Our Professional Lunch Series is similar to our Industry Talks in that the event focuses on a specific field, but rather than featuring a panel of professionals, the Professional Lunch Series features one speaker from the field. The main purpose of the Professional Lunch Series is to allow for students to gain an intimate understanding of our speaker’s career trajectory and experiences in the industry. Speakers for the Professional Lunch Series may not always bring a career opportunity with them, yet they come with many invaluable experiences and advice to share with students/attendees. Our Professional Lunch Series events also usually host a rather smaller audience, allowing each and every one of the attendees to be able to engage in conversation with the featured panelist and ask questions they may have. 

 

Check out some of our previous Professional Lunch Series!

 

Interested in writing a blog for the Career Development blog? It’s open to Macaulay students and alums. If you would like to contribute or have any questions, feel free to email Jamie.Ruden@mhc.cuny.edu.

 

How to Network out of Your Comfort Zone!

Harleen Ghuman ‘22

Networking is a key component in contributing to career success. It is essentially creating long-lasting professional relationships with people you meet during your professional journey. When a lot of people think of networking, they are immediately drawn to networking within their own preferred career industry or specific job function. While it is beneficial to network with those of the same career interests and same aspirations as you, stepping out of your comfort zone can help you gain more insight and widen your career interests!

 

A Great Learning Experience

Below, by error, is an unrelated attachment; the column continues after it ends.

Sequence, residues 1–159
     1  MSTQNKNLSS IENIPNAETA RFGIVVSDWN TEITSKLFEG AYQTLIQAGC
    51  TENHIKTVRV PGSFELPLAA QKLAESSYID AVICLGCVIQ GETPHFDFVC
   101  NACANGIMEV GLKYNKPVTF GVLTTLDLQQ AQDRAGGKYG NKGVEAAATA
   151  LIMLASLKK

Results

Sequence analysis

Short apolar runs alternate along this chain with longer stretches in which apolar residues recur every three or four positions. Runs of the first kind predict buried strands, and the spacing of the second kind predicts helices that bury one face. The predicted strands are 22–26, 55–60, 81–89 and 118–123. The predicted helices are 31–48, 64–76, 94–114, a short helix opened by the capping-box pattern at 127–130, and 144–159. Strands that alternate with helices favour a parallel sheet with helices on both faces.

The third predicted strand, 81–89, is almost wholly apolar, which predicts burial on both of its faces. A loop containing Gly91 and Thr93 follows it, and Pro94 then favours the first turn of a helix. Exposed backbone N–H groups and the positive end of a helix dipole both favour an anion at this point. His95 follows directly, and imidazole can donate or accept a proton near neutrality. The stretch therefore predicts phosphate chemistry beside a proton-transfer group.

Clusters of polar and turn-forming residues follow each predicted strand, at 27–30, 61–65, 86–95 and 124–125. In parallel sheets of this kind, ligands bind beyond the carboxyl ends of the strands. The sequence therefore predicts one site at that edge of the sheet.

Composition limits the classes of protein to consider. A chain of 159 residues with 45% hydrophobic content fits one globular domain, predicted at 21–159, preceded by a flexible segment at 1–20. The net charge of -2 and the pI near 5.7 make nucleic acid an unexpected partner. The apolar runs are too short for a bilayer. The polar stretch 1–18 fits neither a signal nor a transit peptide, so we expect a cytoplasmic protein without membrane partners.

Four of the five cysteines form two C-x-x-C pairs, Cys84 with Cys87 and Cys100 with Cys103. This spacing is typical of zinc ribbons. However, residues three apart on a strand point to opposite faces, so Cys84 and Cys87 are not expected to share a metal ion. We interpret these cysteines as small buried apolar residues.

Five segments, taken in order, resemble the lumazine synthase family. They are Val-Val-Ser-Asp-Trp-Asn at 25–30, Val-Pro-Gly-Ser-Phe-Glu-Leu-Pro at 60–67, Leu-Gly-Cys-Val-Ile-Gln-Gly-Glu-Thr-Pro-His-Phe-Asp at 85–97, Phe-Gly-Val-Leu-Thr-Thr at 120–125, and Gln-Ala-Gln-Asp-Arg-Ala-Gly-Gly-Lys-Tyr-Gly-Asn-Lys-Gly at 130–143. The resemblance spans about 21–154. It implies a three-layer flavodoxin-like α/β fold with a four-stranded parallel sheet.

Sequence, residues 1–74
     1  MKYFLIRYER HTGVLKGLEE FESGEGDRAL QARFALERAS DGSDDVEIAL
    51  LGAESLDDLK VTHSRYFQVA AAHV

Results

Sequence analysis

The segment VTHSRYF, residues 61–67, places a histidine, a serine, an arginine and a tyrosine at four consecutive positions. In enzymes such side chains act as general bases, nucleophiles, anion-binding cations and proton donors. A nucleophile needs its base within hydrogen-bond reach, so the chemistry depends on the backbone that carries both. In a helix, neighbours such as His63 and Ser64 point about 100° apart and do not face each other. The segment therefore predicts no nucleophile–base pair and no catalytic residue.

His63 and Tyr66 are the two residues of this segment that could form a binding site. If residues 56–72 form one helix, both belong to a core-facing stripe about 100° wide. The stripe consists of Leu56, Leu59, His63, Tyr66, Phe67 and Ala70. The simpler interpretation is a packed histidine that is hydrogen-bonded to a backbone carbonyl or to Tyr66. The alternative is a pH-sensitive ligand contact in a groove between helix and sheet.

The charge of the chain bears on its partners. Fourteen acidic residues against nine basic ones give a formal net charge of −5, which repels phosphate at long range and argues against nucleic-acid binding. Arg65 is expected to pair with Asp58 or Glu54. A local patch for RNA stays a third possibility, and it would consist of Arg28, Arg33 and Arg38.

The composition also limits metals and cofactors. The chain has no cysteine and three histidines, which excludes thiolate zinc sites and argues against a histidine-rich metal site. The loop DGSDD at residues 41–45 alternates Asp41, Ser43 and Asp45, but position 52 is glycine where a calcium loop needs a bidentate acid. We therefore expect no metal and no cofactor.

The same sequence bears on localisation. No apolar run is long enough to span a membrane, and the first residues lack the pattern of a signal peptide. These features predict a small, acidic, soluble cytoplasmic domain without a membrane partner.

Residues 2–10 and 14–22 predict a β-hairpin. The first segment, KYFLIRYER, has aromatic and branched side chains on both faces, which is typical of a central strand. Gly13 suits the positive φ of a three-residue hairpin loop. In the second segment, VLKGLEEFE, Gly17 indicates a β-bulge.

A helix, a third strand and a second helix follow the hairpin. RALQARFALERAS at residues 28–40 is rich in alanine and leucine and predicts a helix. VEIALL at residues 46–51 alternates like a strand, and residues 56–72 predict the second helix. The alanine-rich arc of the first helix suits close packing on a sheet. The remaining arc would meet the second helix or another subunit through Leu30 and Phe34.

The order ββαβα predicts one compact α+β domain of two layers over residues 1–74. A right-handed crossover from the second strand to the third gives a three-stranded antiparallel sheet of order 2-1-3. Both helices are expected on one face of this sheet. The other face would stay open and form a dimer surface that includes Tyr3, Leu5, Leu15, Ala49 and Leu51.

No matter how much we know about our own career industry or the career path that we want to take, there is never a moment where we stop learning. Learning about different career industries may pique an interest you never thought would have! By doing so, you may have a new interest to pursue or a new industry you may want to enter and develop some experience in. Remember, there is a job for everything in each industry. You can still pursue marketing while working in the legal industry or work with data in the non-profit sector. Your options are endless when you widen your career horizon!

 

Build More Business Connections

Each new connection, regardless of career or industry, has the potential to grow into a stronger relationship. There is always room to grow your professional or mentor network. This is your chance to get a deeper understanding of the different experiences and job functions that happens in different departments of your intended industry. Additionally, you never know when you might have a career change in the future, and when you do, it is always good to fall back on some of the connections you have made when networking outside of your career field or industry!

 

 

Where Do I Start?